8. Sherri Noble says

    Thanks Tony for sending this link to me through The Beautiful Monarch! Very great information you have here as always. I have never seen such an interesting seed pod before. I tried to open one and found a green pod inside. How long will it take for the pods to be ripe? How do I avoid the fluff blowing all around in my condo if they pop?

    Thanks bunches,

    • says

      Hi Sherri, don’t worry about physocarpa popping. They open very gradually. When you notice a seam starting to open on the pod the seeds are ready to remove. Don’t remove them before, or they may not be viable.

  9. Brian says

    Hi Tony,

    A friend of mine just cleaned out his garden and told me that he was going to give me some milkweed seeds. Little did I know that he would be handing me three seed pods the size of small oranges. None of the seed pods are open, and by the time I got home to research what type of milkweed seeds he gave me, it was to late to grab a stem cutting.

    Do you think I should keep the seed pods and hope that they will finish developing, or are they doomed since they are no longer on the plant (or stem cutting).


    • says

      Hi Brian, they aren’t going to develop further if they have been removed from the stem. If the pods are purplish, you may be in luck and get some mature seeds, but if the pods are green the seeds will likely be white and not viable. My last seed pod finally finished developing. The seeds take a LONG time to ripen. Good luck!

  10. Wendy Wissler Luckenbill says

    Just bought from local farmers stand . SE PA USA. Farmer said they spread by seed for her. We also had very cold winter but with heavy snow cover.

    • says

      Hi Wendy, I think most milkweed seeds can survive cold temps but there is typically much less seeding from warm weather varieties. We even have some tropical milkweed that reseeds in Minnesota. Physocarpa overwinters pretty easily. Good luck with your plants!

  11. Craig Popov says

    Hi Tony, I noticed this AM that I had at least 10 cats on my Scarlett MW and very few leaves left on my 5 plants so I rushed to the nursery and bought 2 more plants, but while there they showed me several physocarpa that look really good but I hesitated. Meanwhile wasps are killing my cats so I brought my 2 new plants inside and picked 12 cats off outside and brought them in!!

    My big question is, will the physocarpa do OK here? I am in zone 9B or 10A, depends on what chart you look at.
    If so are they a good companion with the Scarlett?
    Or should I get another species? My ground is very sandy and usually pretty dry! Thanks and MERRY CHRISTMAS!!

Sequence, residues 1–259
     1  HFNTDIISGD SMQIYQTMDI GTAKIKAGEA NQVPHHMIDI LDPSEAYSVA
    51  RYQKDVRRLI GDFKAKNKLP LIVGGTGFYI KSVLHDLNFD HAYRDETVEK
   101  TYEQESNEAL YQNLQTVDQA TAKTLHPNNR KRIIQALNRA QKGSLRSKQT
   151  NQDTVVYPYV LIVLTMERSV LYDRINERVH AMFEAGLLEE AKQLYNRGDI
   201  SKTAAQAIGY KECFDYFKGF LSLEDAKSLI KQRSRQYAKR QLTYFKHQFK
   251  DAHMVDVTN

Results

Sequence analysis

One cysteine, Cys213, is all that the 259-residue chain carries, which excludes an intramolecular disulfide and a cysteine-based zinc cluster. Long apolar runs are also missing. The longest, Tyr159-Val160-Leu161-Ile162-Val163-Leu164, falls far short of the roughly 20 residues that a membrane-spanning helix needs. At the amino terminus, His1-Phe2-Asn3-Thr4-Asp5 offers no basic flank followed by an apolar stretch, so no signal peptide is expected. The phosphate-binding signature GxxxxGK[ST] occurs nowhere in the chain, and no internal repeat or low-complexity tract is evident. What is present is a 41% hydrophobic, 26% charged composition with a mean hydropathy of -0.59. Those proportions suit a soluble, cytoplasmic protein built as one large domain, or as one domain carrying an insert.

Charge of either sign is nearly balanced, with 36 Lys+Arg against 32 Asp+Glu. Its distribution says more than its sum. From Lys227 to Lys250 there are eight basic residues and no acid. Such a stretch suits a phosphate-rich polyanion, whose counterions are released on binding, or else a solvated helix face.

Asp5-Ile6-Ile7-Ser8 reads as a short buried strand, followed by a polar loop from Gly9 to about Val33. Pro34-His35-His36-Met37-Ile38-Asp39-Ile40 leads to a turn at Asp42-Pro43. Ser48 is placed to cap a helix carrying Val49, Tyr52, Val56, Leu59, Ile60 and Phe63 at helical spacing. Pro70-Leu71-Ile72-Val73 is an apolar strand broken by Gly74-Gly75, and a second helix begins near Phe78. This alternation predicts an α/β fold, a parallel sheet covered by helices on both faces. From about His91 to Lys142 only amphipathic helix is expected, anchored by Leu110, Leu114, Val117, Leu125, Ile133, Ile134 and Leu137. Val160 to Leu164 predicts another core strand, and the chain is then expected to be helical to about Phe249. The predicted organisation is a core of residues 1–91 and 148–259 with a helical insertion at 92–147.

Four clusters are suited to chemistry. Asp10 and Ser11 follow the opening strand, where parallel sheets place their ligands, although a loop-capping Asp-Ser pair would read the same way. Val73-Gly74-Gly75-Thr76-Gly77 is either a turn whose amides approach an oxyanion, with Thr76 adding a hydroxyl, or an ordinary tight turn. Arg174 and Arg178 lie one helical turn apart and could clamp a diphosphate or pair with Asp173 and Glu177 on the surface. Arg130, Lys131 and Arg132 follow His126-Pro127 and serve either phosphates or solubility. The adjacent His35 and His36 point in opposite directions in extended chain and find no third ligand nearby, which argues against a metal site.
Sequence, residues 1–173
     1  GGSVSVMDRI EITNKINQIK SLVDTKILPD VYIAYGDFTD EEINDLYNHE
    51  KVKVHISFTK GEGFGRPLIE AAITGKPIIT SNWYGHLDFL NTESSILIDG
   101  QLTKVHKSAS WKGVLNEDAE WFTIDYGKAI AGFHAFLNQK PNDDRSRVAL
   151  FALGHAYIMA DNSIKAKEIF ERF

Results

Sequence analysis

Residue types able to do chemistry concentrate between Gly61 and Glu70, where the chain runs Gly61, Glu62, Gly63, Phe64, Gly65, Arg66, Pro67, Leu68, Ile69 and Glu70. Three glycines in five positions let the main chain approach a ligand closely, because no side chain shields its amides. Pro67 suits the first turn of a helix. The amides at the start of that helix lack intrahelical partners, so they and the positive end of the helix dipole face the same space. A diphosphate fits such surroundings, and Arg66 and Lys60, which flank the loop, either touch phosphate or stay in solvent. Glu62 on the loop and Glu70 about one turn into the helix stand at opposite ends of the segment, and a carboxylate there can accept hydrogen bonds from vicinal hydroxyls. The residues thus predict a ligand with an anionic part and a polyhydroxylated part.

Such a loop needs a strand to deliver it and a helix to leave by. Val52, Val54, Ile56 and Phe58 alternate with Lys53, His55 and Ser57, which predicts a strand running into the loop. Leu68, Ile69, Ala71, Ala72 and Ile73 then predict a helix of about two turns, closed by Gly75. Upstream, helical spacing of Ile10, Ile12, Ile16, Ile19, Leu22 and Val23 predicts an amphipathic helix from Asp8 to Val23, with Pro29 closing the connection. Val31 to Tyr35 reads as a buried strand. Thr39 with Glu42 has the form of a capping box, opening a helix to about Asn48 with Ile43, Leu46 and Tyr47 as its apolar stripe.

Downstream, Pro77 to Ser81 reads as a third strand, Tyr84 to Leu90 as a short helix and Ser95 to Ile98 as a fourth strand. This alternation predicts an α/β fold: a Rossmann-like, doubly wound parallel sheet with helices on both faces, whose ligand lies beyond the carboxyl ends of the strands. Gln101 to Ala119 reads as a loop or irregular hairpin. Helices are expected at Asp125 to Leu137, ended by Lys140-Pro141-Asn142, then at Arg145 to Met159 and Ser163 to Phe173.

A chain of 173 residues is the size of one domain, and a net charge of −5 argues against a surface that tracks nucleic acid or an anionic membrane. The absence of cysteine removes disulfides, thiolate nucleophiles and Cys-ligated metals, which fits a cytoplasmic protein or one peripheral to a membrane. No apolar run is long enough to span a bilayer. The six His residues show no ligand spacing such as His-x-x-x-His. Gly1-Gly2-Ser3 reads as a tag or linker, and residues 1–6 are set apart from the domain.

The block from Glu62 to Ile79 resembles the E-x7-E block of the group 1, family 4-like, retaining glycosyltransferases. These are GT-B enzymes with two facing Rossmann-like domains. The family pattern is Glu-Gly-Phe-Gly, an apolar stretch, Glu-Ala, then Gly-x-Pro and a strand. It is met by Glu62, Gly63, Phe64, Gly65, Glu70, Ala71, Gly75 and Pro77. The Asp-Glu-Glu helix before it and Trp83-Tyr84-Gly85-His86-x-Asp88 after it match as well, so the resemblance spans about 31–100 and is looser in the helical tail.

12. Jackye says

    Hi Tony
    Asclepia’s are very good at deterring moles. A few stems with leaves in a mole hole will have them scampering away – possibly to the neighbors garden. :)
    I’m not sure if the plant gives off a scent/pheromone or if it is the milky sap – but it works. Planting the plant does not deter the moles – so the deterrent does not come from the roots.

  13. Shirley Barnhart says

    Hi, Tony. I bought one of the “Goose plants” (it was labeled “Family Jewels”) thru mail order last October, & I immediately planted it outside. (Houston, Texas, zone 9a) It liked the weather & jumped in size, so I started taking cuttings. The first cutting rooted quickly (I passed it on), but after that, rooting them wasn’t so easy. I have had about a half dozen clippings, & I have only managed to get 1 more to root. After reading that they need “warm” water, I’m guessing that may be the problem. I think, if I do this next fall, I will use a heat pad! I am so looking forward to seeing how this interesting Milkweed is going to do! (I have been covering my plant during the “freezes” so that it will be ready for spring migration!)

    • Anna says

      Hi Shirley,

      I too live in Houston. I want to try raising a variety of milkweed but would be concerned about not cutting back before the spring migration. These plants can hold the O.E. Virus carried by infected Monarchs. If the plants are not cut back, the incoming Monarchs can rub up against or eat leaves with the virus left by last seasons virus carriers. As I am wanting to purchase other kinds of milkweed, could you tell me from where you buy yours?

      • Shirley Barnhart says

        Hello, Anna. Please forgive me for not responding before now…I somehow must have overlooked the notification in my emails!